The eleventh hour of the eleventh day of the eleventh month.

by John on November 13, 2012

I was born in England after WWII, and I still remember the paper red poppies, sold as the remembrance of Armistice Day, celebrated by Veterans Day in the U.S.   I wrote this piece several years ago, and somehow, on this most recent Veterans Day, the realities of war seemed lost in the force of present events.  Yet we should remember another force; the words of the soldier poets that speak to a connected individuality deep within us all.

Until WW I, poems glorified war.  Minds at War, The Poetry and Experience of the First World War covers the change from the nationalistic enthusiasm of Rupert Brooke with the patriotic opening lines of Soldier, “If I should die, think only this of me:/ That there’s some corner of a foreign field/That is for ever England.”, to Wilfred Owen’s immortal Dulce et Decorum Est, an unbelievably horrific description of a young soldier too slow to put on his mask in a poison gas attack.  The title and the Latin in the last lines come from an ode by the Roman poet, Horace

My friend, you would not tell with such high zest

To children ardent for some desperate glory,

The old Lie: Dulce et decorum est

Pro patria mori.

(literally, “Sweet and honorable it is, to die for the fatherland”).

The American school of WW II poetry had been ignored until Harvey Shapiro, former editor of The New York Times Magazine, published Poets of World War II.  Shapiro, who flew 35 missions in Italy in WWII, served as tail gunner in a B-17.  The poems selected offer a wide range of perspectives.  Defeat by Witter Bynner, describes how the German prisoners in Texas were treated with more respect than the black G.I.’s   He gives us one of the few widely read and anthologized poems of the war, Death of the Ball Turret Gunner by Randall Jarrell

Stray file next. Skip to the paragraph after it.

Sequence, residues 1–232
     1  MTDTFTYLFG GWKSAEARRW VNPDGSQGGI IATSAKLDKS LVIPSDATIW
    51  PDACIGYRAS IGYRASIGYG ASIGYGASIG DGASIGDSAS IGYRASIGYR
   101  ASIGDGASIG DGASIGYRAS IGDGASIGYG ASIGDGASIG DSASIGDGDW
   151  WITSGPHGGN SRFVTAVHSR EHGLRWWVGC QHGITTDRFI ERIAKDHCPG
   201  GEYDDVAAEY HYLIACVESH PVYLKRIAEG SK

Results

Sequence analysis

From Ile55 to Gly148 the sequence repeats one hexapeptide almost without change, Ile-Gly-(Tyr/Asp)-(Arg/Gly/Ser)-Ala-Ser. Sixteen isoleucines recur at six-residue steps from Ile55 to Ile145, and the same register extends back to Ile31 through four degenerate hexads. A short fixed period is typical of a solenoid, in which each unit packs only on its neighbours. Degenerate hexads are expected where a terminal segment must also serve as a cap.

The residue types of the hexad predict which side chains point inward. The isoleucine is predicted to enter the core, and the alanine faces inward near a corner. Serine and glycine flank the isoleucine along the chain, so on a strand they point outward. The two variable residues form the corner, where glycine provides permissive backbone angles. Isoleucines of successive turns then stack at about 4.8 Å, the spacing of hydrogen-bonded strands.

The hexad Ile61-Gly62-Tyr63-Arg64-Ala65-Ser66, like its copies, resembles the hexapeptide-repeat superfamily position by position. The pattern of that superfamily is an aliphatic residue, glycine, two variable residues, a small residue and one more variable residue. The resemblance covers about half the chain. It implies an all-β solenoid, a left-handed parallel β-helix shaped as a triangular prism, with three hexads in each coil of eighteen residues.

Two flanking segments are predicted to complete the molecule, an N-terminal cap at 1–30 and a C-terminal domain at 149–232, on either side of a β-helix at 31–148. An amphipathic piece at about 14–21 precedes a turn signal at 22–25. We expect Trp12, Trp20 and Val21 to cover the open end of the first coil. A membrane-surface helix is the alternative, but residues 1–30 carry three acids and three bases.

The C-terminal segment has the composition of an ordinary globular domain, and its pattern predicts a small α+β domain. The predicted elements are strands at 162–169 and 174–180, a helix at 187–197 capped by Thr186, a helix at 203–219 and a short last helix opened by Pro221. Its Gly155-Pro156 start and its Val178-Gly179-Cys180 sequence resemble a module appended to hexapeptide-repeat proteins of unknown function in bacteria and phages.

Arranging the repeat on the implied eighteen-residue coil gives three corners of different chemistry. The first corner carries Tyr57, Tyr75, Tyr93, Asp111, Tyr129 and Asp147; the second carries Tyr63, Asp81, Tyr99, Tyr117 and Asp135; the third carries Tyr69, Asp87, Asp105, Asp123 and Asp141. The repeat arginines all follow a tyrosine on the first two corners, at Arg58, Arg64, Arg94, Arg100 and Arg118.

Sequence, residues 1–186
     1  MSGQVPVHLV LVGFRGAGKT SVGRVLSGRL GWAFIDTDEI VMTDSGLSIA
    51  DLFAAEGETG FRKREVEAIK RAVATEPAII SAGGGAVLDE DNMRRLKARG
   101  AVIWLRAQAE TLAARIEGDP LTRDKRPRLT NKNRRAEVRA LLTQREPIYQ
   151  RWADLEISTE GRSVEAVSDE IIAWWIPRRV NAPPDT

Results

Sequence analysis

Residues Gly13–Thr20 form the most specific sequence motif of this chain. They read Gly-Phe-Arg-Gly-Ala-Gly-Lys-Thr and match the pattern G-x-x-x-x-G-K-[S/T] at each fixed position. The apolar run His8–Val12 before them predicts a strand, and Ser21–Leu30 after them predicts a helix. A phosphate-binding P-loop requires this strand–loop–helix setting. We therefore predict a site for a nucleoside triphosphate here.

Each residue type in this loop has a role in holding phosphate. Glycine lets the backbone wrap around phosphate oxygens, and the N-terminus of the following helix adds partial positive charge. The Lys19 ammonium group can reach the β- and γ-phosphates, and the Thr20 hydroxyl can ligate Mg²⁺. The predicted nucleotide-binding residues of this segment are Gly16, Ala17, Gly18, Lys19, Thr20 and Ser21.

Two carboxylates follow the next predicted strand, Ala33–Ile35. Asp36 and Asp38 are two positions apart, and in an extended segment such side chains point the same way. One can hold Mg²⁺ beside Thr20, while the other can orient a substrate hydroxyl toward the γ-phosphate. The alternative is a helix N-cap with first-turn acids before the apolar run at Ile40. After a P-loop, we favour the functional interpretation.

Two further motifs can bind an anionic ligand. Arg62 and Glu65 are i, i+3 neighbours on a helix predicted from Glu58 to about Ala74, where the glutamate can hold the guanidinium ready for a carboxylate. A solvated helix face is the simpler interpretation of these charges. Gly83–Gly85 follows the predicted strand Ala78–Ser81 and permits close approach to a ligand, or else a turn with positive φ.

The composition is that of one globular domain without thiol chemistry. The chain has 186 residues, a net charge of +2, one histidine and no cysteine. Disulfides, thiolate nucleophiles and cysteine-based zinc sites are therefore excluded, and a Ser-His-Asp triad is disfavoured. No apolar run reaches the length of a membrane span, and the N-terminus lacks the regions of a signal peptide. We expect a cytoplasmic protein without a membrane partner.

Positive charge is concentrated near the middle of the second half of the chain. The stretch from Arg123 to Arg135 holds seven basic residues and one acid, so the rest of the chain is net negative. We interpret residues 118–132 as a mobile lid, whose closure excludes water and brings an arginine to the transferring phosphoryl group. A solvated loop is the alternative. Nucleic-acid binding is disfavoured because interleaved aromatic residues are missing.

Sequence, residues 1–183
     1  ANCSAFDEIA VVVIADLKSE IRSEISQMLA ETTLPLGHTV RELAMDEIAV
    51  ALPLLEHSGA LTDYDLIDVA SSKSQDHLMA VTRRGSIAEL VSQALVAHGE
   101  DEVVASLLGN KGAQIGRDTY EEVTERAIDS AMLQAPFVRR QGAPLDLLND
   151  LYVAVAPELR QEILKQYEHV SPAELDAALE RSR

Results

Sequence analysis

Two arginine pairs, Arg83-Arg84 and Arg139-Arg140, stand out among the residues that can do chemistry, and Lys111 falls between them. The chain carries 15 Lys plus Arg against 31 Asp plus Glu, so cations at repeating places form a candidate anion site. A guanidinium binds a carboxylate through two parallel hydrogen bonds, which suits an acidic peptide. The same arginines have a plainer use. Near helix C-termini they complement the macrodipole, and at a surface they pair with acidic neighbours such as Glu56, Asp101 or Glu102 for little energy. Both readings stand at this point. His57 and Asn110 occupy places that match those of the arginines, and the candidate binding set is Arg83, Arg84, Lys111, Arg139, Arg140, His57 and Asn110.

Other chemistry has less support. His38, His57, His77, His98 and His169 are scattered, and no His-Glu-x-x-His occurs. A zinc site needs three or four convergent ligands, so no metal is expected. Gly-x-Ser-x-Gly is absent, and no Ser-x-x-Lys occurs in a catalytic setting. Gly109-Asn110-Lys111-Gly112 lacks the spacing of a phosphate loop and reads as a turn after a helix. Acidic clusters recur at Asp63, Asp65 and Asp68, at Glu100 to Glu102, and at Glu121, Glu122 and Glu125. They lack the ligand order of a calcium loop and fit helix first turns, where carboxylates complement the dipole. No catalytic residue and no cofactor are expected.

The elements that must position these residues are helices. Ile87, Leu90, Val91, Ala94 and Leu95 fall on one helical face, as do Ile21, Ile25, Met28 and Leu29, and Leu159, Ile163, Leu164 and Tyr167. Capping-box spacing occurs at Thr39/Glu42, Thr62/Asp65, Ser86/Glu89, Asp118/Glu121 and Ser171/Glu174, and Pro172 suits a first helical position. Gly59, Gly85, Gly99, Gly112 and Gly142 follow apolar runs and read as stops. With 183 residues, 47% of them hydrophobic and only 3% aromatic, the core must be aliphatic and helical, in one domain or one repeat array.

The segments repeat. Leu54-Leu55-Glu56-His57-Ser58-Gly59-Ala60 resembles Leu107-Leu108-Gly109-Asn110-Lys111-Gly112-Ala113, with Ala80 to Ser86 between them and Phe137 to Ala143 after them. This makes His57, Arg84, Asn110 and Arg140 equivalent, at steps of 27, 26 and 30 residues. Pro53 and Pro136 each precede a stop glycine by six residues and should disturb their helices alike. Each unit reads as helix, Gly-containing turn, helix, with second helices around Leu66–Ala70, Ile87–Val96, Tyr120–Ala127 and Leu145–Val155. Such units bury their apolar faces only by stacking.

From my mother’s sleep I fell into the State,

 And I hunched in its belly till my wet fur froze.

 Six miles from earth, loosed from its dream of life,

 I woke to black flak and the nightmare fighters.

 When I died they washed me out of the turret with a hose.

Jarrell’s notes on the poem; “A ball turret was a Plexiglas sphere set into the belly of a B-17 or B-24, and inhabited by two .50 caliber machine-guns and one man, a short small man. When this gunner tracked with his machine guns a fighter attacking his bomber from below, he revolved with the turret; hunched upside-down in his little sphere, he looked like the foetus in the womb. The fighters which attacked him were armed with cannon firing explosive shells. The hose was a steam hose.”

Perhaps no soldier poet anthology better captures the Vietnam war than  Unaccustomed Mercy, Soldier Poets of the Vietnam War, edited by W.D. Ehrhart, which contains several works by Horace Coleman.  However, Coleman’s hard to find collection of his own poems, In the Grass, is the most powerful as he speaks of combat, yet brings the war back to America in Still Life with Dead Hippie. Kent State, May 4, 1970.  His poems also look to the future.  Writing about an event in which protesters, including John Kerry, threw their medals back at the government and demanded better treatment for veterans, Coleman’s In the Grass gives us Notes for the Veteran’s War Protest